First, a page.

We had just finished the design of the Gap and were starting construction in 1996, and at that time Oberlin College had issued an RFP for this environmental studies center, which was for David’s new interdisciplinary program at the school.

McDonough’s office ended up being selected to be the lead designer for the project. This felt like another step up in terms of the level of ambition sustainability-wise, and looking back on it, I feel like Oberlin was kind of a postgraduate education.

David had raised the bar to a level that I think became the seed crystal for the Living Building Challenge and the Living Building Institute—the way the performance aspects and the ambition of the project was defined was really groundbreaking, I think. David had put that together with the early luminaries of the sustainability movement—Bill McDonough, Amory Lovens, John Todd, Paul Hawkins—he had the who’s who in this emergent realm of sustainability.

What struck me was how David had worked with students over the course of a few semesters, in workshops and charettes, to define the program and the principles for the project. And they were advised by the advisory group, but the full ambitions of the project emerged from this deep engagement by the students, which was in some ways the fractal of the entire project. It was David’s goal for the building to be a pedagogical tool, so it was really fitting that it would emerge from this engagement with faculty and students.

What I recall was the elegance of the project program and the way that the RFP was stated. It was really inspiring, and it set the bar for how sustainable ambitions can be voiced.

Instead of being prescriptive, it just asked a series of questions: How can we design and operate building on current solar income in northern Ohio? How can it create more energy than it uses over the course of a year? How can we create no ugliness upstream or downstream in the making of this building? How can the building process and reuse its own waste by functioning as a living machine? How can the landscape be both instructive about ecological processes, but also informative to the students about where they are on the planet?

To me, voicing those questions was very powerful.

And it was a reminder, looking back on it, of how challenging it is to actually meet those objectives. We had WM+P’s sister company, MBDC, on our side, and access to some incredible indoor air quality experts, but it was hard to try to assess every material selection on the project, and every specification, when there just wasn’t deep research on much of anything. There were no product lists we could go to to meet those specifications. It was a steep learning curve.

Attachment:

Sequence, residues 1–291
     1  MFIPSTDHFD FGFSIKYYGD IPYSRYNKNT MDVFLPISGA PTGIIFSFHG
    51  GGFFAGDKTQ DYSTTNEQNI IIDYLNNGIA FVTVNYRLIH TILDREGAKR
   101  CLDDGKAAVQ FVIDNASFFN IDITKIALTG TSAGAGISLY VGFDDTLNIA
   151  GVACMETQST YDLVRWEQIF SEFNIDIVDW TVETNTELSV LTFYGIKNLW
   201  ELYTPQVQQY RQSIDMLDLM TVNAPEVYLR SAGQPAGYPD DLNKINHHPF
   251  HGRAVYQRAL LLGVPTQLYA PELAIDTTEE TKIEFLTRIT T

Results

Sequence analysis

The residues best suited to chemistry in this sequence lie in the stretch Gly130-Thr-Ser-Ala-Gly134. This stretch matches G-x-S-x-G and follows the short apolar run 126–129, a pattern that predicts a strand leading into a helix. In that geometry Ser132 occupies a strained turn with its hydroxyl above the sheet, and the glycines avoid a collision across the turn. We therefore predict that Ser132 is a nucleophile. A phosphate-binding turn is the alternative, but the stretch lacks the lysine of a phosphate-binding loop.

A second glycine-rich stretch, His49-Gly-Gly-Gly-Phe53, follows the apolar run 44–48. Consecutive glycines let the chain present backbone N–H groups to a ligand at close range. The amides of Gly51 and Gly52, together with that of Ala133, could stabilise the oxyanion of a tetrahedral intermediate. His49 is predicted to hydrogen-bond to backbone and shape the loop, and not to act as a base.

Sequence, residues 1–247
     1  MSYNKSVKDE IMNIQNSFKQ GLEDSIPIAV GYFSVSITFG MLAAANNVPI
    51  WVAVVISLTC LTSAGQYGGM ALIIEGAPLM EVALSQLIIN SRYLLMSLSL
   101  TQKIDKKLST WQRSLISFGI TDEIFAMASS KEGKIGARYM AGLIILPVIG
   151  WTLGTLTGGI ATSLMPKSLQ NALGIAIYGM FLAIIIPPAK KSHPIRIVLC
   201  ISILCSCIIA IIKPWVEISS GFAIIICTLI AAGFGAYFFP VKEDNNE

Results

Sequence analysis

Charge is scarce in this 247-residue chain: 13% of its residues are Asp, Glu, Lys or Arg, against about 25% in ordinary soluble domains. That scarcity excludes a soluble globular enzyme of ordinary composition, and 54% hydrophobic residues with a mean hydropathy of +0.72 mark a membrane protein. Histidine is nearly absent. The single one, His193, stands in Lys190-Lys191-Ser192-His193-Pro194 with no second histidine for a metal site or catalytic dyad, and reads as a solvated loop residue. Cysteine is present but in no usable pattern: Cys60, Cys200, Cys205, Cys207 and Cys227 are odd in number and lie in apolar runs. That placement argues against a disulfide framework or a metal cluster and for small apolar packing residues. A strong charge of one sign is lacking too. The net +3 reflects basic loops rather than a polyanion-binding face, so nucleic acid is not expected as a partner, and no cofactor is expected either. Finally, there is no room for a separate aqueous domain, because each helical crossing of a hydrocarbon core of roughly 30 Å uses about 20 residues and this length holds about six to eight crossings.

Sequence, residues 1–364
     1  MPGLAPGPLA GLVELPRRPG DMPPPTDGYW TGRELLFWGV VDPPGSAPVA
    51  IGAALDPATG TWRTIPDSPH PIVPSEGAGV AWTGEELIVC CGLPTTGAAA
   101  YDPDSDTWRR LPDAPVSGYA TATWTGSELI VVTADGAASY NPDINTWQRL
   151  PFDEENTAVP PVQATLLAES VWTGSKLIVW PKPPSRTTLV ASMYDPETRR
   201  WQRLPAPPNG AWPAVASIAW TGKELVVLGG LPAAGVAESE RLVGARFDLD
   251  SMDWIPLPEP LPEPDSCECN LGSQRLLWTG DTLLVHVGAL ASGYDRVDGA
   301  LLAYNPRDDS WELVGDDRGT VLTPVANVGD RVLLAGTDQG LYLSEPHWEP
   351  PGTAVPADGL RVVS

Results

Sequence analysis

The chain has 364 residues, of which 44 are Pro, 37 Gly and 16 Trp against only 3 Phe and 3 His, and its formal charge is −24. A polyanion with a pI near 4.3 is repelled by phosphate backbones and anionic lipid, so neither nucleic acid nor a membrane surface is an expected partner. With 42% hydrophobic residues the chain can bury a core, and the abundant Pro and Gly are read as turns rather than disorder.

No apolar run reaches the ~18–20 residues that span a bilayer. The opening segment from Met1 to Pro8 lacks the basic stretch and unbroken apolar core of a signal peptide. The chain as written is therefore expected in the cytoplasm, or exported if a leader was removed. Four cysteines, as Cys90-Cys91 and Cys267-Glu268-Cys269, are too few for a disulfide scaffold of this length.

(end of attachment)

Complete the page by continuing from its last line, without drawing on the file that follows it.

In the era of LEED and Living Building Challenge and the codification of sustainability in architecture, how does it feel to look back on the Oberlin building as a progenitor of that?

I think David saw the building as a stepping stone, and it was interesting working with him closely throughout that whole process, because he was a great leader. He both saw the critical importance of getting the building right, but he always had a view beyond it at the same time. It was a unique quality, I think, to be in the midst of something that intense and be able to step back and see the long game.

What he realized, I think, was that if they get this building built, it will become a seed crystal. It will be an attractor for students and faculty, it will put the college on the map and maintain the progressive legacy that Oberlin’s had throughout the years. It was the next step in that lineage.

But he had a vision of a campus-wide sustainability initiative back in 1998, which they were calling the 2020 Initiative—which is ironic, being now past 2020—where they were looking at carbon emissions and getting a zero-carbon campus. What would it take to achieve that, having just gotten to a net-zero, net-positive building?